A Case of Caution: the Effect of Redevelopment on Existing Mall Leases
In a follow up to our other posts regarding the White Flint Mall redevelopment, the jury has reached a verdict. Until recently, White Flint Mall in Bethesda, Maryland was a prime example of retail mall success. However, as the mall began to lose tenants and customers, its owner decided to redevelop the mall into a mixed-use town center. One of the mall’s tenants, Lord & Taylor, balked at the redevelopment and sued. Lord & Taylor recently gained a multi-million dollar jury verdict, and the case gave pause to retail landlords and tenants across the country.
In the 1970s, enclosed shopping malls were at the height of development. Developers looked to attract large, popular “anchor” stores to ensure a mall’s success. To attract such stores, landlords were often willing to give tenant-friendly leases with low fixed rents, long lease terms, and anchor-tenant control over changes in the mall.
In 1975, Lord & Taylor entered into a lease with White Flint LLLP, the owner of the mall, to become an anchor tenant. The lease term lasted until 2042 and provided that White Flint Mall would be operated as an “enclosed mall,” prohibiting the owner from making major changes without Lord & Taylor’s consent.
After the recession in 2008, White Flint Mall began struggling. According to the owner, the mall was no longer economically viable, especially after Bloomingdale’s, another anchor tenant, left the mall in 2011. The owner argued that other tenants left quickly and re-development became the only option.
Lord & Taylor instead claimed the owner’s plans for re-development began much earlier, and the departure of Bloomingdale’s was used as an excuse to encourage other tenants to leave. Lord & Taylor argued that the owner secretly negotiated the terms of the re-development, while letting maintenance and operations at the mall become abysmal.
When approached by the owner to discuss lease modifications, Lord & Taylor initially negotiated with White Flint LLLP but requested $100 million as compensation for losses it claimed it would suffer during the long course of the proposed re-development. Negotiations stalled following the refusal by the mall owner to pay such a large figure. Lord & Taylor then brought suit, alleging White Flint LLLP breached their lease by failing to get their consent to the re-development and requesting over $50 million in damages. Following a jury trial, the jury agreed with the plaintiff that White Flint LLLP had indeed breached the lease and awarded Lord & Taylor $31 million in damages. White Flint LLLP has said it plans to appeal the verdict.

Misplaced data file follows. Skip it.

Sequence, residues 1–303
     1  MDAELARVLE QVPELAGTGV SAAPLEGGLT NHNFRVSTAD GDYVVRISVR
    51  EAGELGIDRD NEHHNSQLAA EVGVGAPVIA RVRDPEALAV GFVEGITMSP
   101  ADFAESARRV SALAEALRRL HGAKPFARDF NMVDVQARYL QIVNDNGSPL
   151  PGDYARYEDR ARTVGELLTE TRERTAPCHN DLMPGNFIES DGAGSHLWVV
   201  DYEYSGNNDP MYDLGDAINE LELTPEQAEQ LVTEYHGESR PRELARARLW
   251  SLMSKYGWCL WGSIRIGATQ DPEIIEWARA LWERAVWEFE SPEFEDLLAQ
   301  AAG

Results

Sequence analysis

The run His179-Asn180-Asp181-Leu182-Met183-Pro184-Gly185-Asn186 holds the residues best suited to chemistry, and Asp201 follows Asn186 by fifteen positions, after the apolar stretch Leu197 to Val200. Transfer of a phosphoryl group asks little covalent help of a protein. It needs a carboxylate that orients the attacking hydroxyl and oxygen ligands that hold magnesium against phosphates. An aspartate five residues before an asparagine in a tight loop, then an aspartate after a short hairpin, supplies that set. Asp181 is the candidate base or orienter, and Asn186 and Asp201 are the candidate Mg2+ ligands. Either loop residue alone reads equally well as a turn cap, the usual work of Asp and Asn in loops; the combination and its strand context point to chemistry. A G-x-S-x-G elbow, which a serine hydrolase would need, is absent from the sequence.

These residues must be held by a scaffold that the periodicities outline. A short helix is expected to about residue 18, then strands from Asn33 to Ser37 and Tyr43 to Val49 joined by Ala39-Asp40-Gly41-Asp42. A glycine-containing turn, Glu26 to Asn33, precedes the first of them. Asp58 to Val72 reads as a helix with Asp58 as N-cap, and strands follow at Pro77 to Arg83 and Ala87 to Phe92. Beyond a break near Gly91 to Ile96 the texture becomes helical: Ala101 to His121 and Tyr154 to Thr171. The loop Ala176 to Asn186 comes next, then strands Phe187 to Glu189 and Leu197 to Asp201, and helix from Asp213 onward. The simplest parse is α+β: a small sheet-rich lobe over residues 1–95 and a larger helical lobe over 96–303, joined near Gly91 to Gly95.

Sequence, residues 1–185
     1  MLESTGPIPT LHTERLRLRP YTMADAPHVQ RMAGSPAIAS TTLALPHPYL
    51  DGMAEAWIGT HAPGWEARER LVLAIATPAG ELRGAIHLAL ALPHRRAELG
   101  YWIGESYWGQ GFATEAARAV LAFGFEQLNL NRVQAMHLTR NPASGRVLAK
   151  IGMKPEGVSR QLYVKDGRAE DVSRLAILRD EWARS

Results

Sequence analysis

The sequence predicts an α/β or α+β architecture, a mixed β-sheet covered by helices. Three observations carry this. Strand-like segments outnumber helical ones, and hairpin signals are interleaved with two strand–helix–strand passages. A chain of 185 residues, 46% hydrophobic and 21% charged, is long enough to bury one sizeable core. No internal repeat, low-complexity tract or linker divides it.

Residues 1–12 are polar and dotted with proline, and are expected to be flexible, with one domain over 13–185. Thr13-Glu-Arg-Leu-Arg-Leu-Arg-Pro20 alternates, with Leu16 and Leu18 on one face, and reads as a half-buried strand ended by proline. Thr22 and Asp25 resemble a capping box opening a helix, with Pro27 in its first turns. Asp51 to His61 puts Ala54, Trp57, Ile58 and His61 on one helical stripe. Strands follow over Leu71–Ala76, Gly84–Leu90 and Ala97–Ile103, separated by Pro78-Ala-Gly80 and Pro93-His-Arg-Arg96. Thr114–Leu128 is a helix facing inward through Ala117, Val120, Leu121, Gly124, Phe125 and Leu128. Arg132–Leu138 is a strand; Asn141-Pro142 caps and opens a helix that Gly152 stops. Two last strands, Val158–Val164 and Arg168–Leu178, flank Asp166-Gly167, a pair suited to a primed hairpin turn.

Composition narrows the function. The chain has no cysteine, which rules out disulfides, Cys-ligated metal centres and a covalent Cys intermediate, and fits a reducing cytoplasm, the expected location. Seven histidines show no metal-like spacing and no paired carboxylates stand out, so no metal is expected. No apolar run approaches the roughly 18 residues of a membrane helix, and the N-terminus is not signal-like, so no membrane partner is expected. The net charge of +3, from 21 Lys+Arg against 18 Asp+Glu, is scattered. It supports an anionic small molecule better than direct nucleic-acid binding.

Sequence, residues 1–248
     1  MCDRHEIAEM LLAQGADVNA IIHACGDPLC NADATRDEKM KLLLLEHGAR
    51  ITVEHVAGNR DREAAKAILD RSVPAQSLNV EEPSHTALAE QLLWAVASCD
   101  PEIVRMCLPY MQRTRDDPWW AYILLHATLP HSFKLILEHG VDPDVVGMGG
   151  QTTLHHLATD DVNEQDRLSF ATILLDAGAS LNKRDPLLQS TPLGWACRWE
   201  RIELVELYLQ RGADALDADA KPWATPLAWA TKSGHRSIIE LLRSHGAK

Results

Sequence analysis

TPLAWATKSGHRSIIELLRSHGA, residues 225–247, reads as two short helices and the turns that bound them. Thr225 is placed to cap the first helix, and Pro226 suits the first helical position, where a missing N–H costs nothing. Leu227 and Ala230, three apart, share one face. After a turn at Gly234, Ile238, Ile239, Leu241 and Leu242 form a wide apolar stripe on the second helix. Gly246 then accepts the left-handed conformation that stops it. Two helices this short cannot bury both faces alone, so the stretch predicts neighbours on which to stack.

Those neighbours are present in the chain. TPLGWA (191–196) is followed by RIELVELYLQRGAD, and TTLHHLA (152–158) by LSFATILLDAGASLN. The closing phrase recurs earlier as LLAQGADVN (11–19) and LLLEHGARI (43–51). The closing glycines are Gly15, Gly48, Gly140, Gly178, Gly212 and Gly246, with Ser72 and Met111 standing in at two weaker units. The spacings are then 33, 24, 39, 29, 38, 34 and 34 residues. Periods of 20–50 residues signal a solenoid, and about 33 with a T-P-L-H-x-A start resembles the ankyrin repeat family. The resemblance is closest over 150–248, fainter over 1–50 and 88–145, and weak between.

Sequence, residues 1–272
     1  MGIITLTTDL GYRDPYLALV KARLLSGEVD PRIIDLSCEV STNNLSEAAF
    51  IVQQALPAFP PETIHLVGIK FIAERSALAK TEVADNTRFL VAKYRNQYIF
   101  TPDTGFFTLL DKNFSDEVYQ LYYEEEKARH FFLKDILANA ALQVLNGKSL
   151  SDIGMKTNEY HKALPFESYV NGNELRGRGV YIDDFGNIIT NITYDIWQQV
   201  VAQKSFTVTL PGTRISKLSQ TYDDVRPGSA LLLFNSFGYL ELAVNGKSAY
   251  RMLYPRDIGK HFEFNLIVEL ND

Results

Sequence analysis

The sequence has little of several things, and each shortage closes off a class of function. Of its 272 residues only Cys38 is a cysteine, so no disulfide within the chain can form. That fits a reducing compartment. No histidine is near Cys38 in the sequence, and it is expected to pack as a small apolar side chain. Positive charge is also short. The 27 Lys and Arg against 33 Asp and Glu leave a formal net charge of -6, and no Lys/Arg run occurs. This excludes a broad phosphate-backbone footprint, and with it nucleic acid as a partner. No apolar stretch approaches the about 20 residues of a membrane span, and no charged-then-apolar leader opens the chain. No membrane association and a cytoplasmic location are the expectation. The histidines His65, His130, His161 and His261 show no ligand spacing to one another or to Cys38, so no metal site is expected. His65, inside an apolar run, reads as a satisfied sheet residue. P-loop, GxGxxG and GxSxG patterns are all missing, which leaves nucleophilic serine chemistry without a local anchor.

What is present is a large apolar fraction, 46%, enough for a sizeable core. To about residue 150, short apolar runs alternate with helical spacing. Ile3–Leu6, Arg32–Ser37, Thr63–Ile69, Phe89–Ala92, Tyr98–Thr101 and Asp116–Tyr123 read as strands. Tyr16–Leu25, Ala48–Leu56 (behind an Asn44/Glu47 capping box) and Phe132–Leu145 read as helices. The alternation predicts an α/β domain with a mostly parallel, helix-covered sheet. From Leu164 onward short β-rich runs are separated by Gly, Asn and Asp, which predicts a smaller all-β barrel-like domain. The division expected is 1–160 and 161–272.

This case provides a caution to landlords in the changing retail scene across the country and a relief to tenants who see landlords not keeping their best interests in mind during redevelopment. The key takeaway from the events in White Flint for landlords is to retain flexibility in their long-term leases because market forces may require changes not envisioned at the time of lease execution. As a landlord considering redevelopment, review all leases at the outset to determine whose approval you need and what you can offer in return. The key takeaway for tenants is to know what areas of the property are most important for you to protect and negotiate, as Lord and Taylor did here, for certain consent rights in those areas. As a tenant, it is important to understand what leverage you have in your lease so as to play your hand to your maximum benefit. Both tenants and landlords should remember that taking a hard line on any issue may result in the decision being made by a judge or jury.